Boost productivity: Support the mental health of employees working remotely
The impact of the COVID-19 pandemic on our mental health is becoming well-known. In a recent poll by the Kaiser Family Foundation, approximately 40 percent of American adults reported symptoms of anxiety and depression due to pandemic-related stressors. Social isolation, job loss, added parenting stress and general upheaval can all explain the added pressure.
There may be one change that many people wouldn’t expect to have a negative impact: working from home. Indeed, individuals have responded differently to the shift from the corporate office to the home office, especially as it relates to workplace culture. For companies to remain and become even more productive, management is learning the importance of supporting employee mental health.
However, how do we do that for a workforce that works remotely? Such a task may sound daunting, but there are steps organizations can take to promote their remote employees’ health and wellbeing.
Why the transition is difficult for some
While many people enjoy the absence of a commute and the general flexibility of working from home, others have had more trouble with the transition. There are the obvious stressors of remote working: home schooling children; blurred lines between work and personal time; competing for work space with a partner or roommate; and more. Some people miss the socialization that the workplace offers.
There have been company culture changes as well for some people making the transition to working from home. Not surprisingly, employees who normally worked onsite were three times more likely to say company culture had worsened compared to those people who already worked remotely, according to a survey of 1,000 people working from home. Nearly 50 percent of respondents said that remote work has made collaboration harder, and more than half reported the pandemic has strained their relationships with coworkers.
Offer mental health resources to support remote workers
Asking employees what we can do to support their mental health is the best way to find out what they want and need. Respondents to the survey of 1,000 employees working remotely said that offering mental health resources is a top way to support mental wellbeing.
Mental health resources come in many forms, such as online resources and mental health as a covered benefit. Employee Assistance Programs (EAPs) are another option that offers ease and convenience at no cost to the employee. There is an opportunity to improve EAP utilization, which averages below 10 percent. Employee perception of confidentiality is one concern, but another issue is that companies tend not to promote all of the benefits an EAP program can provide. Below are some suggestions to turn that trend around.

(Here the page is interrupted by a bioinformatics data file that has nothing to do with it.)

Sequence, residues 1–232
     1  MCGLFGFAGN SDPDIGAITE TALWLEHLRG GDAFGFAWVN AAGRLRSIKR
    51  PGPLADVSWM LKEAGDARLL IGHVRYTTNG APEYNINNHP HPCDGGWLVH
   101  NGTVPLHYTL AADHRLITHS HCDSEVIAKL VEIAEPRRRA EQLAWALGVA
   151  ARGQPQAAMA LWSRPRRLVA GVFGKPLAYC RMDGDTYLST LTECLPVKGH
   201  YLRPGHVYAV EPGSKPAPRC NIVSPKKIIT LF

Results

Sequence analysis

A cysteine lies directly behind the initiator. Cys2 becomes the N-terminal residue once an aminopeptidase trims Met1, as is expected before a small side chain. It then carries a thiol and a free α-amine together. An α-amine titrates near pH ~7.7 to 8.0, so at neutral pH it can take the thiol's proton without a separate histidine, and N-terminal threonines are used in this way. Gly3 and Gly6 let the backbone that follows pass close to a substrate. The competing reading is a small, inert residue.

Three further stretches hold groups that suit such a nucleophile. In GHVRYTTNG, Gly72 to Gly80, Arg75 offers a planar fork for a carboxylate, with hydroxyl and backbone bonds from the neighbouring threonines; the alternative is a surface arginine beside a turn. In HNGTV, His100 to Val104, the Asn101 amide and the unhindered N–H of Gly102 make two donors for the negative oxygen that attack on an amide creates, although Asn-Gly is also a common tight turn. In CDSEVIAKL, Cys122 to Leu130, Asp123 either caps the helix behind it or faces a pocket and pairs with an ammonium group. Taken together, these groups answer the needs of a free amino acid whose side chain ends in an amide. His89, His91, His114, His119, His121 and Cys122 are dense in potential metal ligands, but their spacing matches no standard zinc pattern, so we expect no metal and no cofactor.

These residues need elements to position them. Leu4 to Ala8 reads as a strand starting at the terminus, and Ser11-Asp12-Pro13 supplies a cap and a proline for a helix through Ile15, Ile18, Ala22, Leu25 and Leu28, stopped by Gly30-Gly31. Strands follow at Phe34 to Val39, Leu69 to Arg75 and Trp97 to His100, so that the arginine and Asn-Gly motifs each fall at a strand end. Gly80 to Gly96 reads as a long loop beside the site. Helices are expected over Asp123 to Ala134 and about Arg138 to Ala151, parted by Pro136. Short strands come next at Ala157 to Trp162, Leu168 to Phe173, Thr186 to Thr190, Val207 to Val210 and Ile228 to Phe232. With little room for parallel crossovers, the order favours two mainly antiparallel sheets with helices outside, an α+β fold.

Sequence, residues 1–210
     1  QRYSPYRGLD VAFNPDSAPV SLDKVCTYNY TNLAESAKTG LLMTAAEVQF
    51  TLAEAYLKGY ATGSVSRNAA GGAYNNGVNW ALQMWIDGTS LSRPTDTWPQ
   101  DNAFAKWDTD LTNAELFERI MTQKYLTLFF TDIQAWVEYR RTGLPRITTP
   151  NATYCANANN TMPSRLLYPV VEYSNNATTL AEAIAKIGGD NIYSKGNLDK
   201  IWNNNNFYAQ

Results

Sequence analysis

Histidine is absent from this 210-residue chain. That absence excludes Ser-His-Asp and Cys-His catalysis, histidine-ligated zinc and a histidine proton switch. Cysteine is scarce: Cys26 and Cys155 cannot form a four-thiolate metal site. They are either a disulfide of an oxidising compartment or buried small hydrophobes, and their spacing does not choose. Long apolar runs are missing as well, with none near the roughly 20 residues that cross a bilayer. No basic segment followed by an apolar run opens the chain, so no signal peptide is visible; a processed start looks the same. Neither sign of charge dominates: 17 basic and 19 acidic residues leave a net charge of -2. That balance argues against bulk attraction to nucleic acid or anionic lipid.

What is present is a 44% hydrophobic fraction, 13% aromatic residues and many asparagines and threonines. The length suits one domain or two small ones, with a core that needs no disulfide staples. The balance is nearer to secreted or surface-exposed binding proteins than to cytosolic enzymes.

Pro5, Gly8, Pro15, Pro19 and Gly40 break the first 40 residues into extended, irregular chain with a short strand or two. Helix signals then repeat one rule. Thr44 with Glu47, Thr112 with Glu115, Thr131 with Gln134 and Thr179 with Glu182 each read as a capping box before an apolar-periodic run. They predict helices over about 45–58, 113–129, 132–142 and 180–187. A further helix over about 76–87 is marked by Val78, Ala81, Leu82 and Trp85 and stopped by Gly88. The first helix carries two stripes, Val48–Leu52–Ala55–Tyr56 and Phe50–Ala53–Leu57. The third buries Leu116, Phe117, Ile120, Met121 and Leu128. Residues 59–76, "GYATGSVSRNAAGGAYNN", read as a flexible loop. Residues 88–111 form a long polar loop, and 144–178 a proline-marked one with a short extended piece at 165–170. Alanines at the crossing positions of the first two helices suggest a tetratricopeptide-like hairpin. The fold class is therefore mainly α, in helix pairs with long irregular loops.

- Include program information in new employee orientation.
- Ensure that your managers are educated on the benefits of your EAP so they can recommend it to employees. Also, ensure managers know they can reach out for support when dealing with a troubled employee.
- Maintain the program’s visibility through an ongoing promotional campaign. Distribute educational materials to remind employees and their families of resources available.
- Have your EAP host topical webinars that are interesting and engaging to your employees.
- Reduce the stigma around accessing mental health support by highlighting other EAP services, such as work/life resources or legal and financial planning etc.
- Post information about how to access EAP services on the company intranet and other companywide modes of communication.
Additional ways to support remote workers’ mental health
There are corporate policy and culture changes that employers can make to help support employee mental health. Suggestions include:
- Encourage your employees to take their paid time off (PTO). It’s one thing to provide your employees with PTO, but urging them to take it is going the extra mile. With working from home blurring the lines between personal and professional life, it’s easier for employees to work more hours. Encourage your employees to take time off and ensure that their workload allows them to do so.
- Promote mental health days. We tend to view “sick days” as those days allotted for taking time off due to physical health reasons, such as the flu. However, we need to broaden that meaning to include mental health if we are going to meaningfully address employee overall health and wellbeing. If someone says they need a “mental health day”, your managers should take that seriously.
- Ensure that your managers check in with their employees. Working remotely doesn’t mean that there can’t be regular check-ins to see how employees are doing. Because office or cubicle drop-ins may no longer be an option, managers need to be proactive about touching base. Such check-ins are even more meaningful if they’re separate from regular work meetings.
- Organize virtual health activities. Many companies organize health activities at work, ranging from onsite WW (Weight Watchers) meetings to scheduled group walks during a lunch hour. Some of these activities can be done virtually as a group, such as scheduling times for the entire team to take regular walks from their respective homes. Consider setting distance or time goals to motivate employees.
For many organizations, the future of how employees will be working – remotely or onsite – remains to be seen. Regardless of the outcome, it’s smart to prepare for what may be a permanent change in workplace culture. Preparing to support the mental health of remote workers is arguably the most important initiative of all.